Despite the shutdown of its office and the layoff of most of its staff, economic development work at Heart of Brooklyn will continue, at least for another few months.
Last month, the organization's board closed the Washington Avenue office and laid off nearly all the staff of the 12-year-old nonprofit, citing "an unfortunate convergence of funding challenges" in a Feb. 15 statement.
The organization is an alliance between Brooklyn Botanic Garden, Brooklyn Children’s Museum, Brooklyn Museum, Brooklyn Public Library, Prospect Park Alliance and the Wildlife Conservation Society’s Prospect Park Zoo that works on education, research, economic development and marketing for all six institutions.
Included in the layoffs were Heart of Brooklyn's new director, Liz Harris, who just took the helm in November and Essie Lash, its communications director.
The organization's extremely popular day camp, Brooklyn Cultural Adventures Program (BCAP), which preceded the formation of Heart of Brooklyn will continue, as wlll its Building Strong Community Networks reseach program, which is funded through grants.
Revitalization Work Continues
But Heart of Brooklyn's commercial revitalization manager, Rebeca Ramirez, is continuing its work to with Washington Avenue Merchants through May, merchants say, to launch a Needs Assessment Survey to determine what businesses are most needed for the avenue.
The goal of the survey is to help increase the mix of offerings on the 10-block strio between Atlantic and Eastern Parkway. Although more than a dozen new businesses have opened on Washington Avenue in the past two years, the majority have been bars or restaurants.
The survey is a continuation of the commercial revitalization work Heart of Brooklyn has been doing since 2007, when it helped form the Washington Avenue-Prospect Heights Merchant Association. Since then, Heart of Brooklyn has supported the fledgling association by creating its website, signing up new members, hosting the monthly meetings, helping to organize street beautification projects and working to attract new businesses to the avenue. It also organized the annual Washington Ave. Rocks! Street Fair.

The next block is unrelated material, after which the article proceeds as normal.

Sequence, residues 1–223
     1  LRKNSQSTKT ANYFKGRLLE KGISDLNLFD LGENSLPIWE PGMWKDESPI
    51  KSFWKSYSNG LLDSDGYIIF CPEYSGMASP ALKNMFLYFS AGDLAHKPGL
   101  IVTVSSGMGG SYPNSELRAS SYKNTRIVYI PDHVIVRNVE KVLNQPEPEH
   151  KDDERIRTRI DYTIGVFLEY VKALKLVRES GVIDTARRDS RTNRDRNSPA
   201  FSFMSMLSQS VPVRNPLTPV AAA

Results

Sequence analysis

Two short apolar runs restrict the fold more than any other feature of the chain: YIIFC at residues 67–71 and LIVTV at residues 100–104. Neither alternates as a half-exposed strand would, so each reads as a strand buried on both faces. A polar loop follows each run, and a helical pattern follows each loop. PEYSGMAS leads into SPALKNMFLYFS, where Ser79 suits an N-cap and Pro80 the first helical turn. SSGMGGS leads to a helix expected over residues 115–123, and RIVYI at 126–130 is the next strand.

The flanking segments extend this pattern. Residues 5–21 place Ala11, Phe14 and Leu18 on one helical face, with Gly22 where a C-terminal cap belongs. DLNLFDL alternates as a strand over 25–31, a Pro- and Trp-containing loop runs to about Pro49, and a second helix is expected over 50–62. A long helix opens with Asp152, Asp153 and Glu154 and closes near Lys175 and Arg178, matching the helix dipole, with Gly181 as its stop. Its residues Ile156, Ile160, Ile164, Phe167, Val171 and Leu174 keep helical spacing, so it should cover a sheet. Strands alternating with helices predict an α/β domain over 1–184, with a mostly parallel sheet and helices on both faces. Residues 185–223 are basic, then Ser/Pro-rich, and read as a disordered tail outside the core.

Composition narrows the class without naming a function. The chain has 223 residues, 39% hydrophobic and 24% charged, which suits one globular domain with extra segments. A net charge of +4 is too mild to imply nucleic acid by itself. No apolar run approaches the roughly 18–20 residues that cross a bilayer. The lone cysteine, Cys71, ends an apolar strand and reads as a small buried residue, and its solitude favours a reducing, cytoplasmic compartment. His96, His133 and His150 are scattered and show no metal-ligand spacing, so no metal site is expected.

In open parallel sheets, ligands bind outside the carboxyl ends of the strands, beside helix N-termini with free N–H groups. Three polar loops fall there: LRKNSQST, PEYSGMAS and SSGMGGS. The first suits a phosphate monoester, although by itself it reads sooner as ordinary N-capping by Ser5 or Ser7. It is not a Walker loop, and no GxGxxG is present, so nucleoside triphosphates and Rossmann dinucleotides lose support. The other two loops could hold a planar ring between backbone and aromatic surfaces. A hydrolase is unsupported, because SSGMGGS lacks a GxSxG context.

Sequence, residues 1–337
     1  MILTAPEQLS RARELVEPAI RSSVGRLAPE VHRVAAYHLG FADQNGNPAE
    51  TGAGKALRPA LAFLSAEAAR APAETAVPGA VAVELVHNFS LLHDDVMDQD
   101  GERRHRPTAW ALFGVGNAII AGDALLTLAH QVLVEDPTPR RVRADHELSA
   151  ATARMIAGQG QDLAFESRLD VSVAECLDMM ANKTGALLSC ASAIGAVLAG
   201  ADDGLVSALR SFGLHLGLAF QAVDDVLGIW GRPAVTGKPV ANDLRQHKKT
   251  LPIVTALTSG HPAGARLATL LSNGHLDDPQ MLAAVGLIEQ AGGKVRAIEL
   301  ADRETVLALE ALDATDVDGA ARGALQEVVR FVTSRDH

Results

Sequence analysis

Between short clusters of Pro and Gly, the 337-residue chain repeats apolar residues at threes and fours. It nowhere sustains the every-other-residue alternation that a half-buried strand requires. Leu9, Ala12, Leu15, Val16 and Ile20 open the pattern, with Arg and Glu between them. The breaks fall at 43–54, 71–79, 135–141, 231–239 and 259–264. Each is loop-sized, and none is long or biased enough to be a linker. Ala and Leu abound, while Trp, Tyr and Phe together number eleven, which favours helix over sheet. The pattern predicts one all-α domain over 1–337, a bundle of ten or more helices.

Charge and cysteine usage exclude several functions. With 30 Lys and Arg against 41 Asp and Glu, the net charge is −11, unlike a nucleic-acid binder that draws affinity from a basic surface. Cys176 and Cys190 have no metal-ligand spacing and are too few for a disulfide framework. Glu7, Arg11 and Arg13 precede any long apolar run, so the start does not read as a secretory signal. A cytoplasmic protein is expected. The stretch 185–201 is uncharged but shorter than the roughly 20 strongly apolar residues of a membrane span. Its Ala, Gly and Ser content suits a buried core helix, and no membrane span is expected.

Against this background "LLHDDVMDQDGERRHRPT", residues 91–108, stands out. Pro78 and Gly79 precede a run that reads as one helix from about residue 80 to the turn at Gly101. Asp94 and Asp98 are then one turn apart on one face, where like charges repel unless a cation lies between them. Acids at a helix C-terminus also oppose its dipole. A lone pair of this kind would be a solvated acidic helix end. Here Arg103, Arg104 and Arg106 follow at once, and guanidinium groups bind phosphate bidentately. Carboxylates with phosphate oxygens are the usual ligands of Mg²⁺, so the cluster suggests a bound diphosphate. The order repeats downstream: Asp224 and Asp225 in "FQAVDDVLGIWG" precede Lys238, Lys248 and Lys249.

BID On The Way
This work was supported in part by a grant from New York City's Department of Small Business Services, which routinely supports new merchants associations until they can form a Business Improvement District.
If the majority of property owners on an avenue agree to form the BID, and the City Council gives approval, then all building landlords must pay a yearly fee, whether they voted for the BID or not. The fee would pay for such services as sidewalk sweeping, holiday lights and landscaping. It would cost each business several hundred dollars a year, depending on how much of the block a business takes up and how many services the BID decides to put in their budget.
Several months ago, Washington Avenue merchants began working to form the BID, under the leadership of real estate broker Joan Joseph. Last month, she confined that despite events at Heart of Brooklyn, the movement to create a BID is going strong.
Merchants Mourn Heart of Brooklyn Downsizing
But even if the BID does come to fruition, Washington Avenue merchants said losing most functions of Heart of Brooklyn is a great loss to the avenue.
"I think it's a huge blow to the merchants association and the avenue as a whole," said Bitter and Esters co-owner Douglas Amport in an e-mail. "The work that they did over at HOB was fundamentally important to the betterment of the avenue and I think that everyone will notice the huge gap they leave behind."
Coffee Bites owner Soraya Sultan-Meer agreed: "It was nice having a force pulling us all together and reminding us we weren't alone."